Monday, March 10, 2003

As my man Burt continues to revolutionize and appropriate most of what I read about church planting, I am becoming closely acquainted with the God of Intinerant Schedule-Busting.

Although I am hastening to render our infant house church to the dividing line of pre-Burtendom and post-Burtendom, I do mark his entry into our lives.....or, at least another installment into my experiential knowledge of the self-revelation of God.

You see, my Southern Baptist lineage has allowed me voluminous opportunities for programmitized training regarding planting a church. A tenet of admonishment that I came across more than once from established planters now looms behind me as a curious oddity. There was a tendency to avoid the overly "needy people," lest they steal your energy and focus away from establishing the plant. The "clear" implication was to center on building the church around "healthy" people- those who seemingly have "it" all together. In principle, I bought into this and in some ways still do.

But what if you have a church full of people who don't really have much of anything together? What if God is bringing in reject after reject from the collective human waste pile adorning the fringes of society? Am I to think that God would surround us and establish us with n'er-do-well's who either don't know the Christ or at least have no stable concept of Christian community? Even paltry or absentee tithers? Heaven forbid! This goes against all the correct models I read and hear about.

Most of those who come to us have not connected elsewhere and it's not always the other community of faith's problem either. Veritasians have some big baggage that they lug into our midst. But we, in our push to be open and inviting, welcome them in. And we have been hurt before in doing so. But I, by proxy, find myself in welcome concurrence with the Neil Cole's of the disciple-making world in that we have missed the whole point of the Church if we only attend to the "healthy" people. He says bad people make good soil. It's a good thing there are some vegetable species that subsist and bear fruit even on rocky surfaces (seasons of death and regeneration will eventually provide the soil, God willing). Should God establish this level of vulnerability as a birthmark upon our countenance, then so be it. I'll take a church full of lichens.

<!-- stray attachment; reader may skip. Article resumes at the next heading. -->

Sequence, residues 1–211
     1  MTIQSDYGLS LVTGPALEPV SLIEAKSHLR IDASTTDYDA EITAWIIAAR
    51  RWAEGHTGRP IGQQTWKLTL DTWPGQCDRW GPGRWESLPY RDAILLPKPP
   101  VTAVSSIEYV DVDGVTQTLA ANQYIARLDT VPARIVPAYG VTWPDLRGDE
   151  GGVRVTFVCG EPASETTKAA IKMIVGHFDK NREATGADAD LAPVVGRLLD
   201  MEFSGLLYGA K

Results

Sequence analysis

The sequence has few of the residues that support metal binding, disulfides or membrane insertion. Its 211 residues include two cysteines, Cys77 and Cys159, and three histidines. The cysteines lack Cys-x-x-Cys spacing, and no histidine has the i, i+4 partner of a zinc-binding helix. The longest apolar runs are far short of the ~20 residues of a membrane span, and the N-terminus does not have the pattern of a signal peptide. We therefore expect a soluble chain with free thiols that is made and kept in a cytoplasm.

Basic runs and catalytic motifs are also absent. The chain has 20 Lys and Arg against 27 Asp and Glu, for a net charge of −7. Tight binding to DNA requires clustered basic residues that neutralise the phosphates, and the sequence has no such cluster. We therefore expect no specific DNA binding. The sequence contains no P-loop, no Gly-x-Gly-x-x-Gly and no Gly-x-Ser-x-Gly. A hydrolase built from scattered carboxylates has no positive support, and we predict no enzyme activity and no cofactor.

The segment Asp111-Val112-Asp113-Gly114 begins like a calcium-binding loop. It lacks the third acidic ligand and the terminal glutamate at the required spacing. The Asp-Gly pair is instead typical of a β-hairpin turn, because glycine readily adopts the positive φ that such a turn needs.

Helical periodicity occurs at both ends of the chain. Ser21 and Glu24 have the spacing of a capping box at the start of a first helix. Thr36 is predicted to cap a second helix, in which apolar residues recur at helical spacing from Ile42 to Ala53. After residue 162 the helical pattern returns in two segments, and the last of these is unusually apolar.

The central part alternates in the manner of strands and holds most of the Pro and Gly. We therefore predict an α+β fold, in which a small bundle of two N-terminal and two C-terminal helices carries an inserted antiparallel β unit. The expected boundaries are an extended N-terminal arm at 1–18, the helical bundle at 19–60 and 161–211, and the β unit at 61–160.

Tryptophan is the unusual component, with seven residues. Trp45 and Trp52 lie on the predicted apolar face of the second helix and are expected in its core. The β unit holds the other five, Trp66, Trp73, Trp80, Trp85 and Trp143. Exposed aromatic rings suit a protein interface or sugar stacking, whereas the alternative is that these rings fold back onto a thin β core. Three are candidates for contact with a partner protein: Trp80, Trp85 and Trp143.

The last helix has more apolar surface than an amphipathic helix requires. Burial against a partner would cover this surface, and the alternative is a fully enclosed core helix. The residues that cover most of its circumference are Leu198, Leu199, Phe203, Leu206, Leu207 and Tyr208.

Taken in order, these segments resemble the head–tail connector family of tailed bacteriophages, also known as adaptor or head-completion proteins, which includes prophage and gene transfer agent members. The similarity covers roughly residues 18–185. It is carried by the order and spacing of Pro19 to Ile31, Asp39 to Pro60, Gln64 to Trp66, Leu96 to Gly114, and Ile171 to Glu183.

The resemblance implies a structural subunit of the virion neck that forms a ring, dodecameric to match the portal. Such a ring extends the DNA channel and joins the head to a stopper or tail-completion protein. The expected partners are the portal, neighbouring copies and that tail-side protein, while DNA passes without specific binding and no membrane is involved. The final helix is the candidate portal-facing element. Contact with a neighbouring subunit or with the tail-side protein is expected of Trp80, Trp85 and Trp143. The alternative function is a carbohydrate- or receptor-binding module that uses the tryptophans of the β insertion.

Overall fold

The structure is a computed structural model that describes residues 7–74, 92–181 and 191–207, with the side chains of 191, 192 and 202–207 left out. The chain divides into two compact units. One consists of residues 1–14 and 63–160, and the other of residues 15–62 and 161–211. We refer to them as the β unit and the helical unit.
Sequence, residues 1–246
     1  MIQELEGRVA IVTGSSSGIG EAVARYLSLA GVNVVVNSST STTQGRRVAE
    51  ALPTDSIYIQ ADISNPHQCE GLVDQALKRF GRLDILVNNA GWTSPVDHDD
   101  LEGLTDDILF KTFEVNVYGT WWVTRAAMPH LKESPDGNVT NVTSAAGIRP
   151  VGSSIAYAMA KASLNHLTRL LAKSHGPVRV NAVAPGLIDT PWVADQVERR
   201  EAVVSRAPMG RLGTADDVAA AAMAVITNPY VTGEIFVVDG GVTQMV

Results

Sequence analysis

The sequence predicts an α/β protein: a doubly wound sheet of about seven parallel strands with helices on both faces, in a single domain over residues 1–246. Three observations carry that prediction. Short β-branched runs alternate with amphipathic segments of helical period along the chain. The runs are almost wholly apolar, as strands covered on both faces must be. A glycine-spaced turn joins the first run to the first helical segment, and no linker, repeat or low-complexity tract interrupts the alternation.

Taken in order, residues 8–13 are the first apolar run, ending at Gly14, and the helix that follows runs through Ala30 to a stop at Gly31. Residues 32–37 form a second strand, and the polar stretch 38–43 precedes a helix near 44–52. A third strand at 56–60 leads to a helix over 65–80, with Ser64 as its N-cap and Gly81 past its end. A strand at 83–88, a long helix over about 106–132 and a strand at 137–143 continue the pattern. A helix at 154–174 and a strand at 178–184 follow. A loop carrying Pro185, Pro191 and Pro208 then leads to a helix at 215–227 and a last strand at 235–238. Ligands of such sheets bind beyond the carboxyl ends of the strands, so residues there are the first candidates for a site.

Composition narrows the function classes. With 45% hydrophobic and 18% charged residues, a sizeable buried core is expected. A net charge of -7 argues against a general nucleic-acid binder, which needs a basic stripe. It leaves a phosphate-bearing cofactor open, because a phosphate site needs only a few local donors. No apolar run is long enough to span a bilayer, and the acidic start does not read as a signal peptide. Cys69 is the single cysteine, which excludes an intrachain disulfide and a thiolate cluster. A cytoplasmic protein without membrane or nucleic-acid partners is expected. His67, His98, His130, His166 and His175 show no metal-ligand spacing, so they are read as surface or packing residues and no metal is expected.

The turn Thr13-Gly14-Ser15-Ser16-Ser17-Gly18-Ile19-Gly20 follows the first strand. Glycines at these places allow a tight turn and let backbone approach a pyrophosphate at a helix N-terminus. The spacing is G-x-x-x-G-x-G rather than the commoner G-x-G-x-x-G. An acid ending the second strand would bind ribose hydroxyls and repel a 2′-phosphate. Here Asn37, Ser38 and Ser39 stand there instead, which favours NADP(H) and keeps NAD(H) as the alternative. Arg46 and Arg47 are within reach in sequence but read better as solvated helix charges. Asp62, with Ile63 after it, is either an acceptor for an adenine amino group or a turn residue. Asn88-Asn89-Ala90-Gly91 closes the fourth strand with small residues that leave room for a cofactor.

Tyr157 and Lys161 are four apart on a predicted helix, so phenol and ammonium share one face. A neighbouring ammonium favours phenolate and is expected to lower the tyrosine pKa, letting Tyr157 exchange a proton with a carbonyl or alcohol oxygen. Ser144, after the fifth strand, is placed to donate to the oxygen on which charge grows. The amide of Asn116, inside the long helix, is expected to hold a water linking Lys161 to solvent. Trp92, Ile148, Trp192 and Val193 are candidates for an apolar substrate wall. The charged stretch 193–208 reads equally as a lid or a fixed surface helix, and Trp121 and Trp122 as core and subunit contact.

Our community of faith is presently ultra high-maintenance. This is just what I was being warned to avoid. Our spiritual/emotional/physical energy reserves are often on the edge of depletion. But that's not unexpected. Incorportating into my experiential reality the cycles of emptying-refilling, pouring-out and pouring-in has been a surprising divine intervention that I presently know too little of. We often get the Jesus sucked out of us. Psycho-spiritual vampires (sometime unwitting to their disposition) prowl the staked-out enclaves of the new church plant. And sometimes my cup won't runneth over until it's upended.

I got a little in my cup Sunday. Nothing major, just got to see Burt literally horse-laugh at one of my playful analogies. I likened my 85-pound GSDog (who lives indoors with us) to our "child." I shared, as I had before, that we didn't need one of those because we wouldn't be able to tell our five-year-old to go out in the backyard and poop and come back in when she was ready. Upon hearing that, I heard Burt laugh from his belly like I had scarcely heard from anyone in a long time (let alone from him). While everyone turned to watch him laugh it up in his own world, I wondered when the last time was he had laughed that well. And had he ever done so in church? And ain't it sweet to be able to say "poop" in church without consternation?

So be it. To hell with the detractors in my mind. This is God's Church and he can do with it what he wants.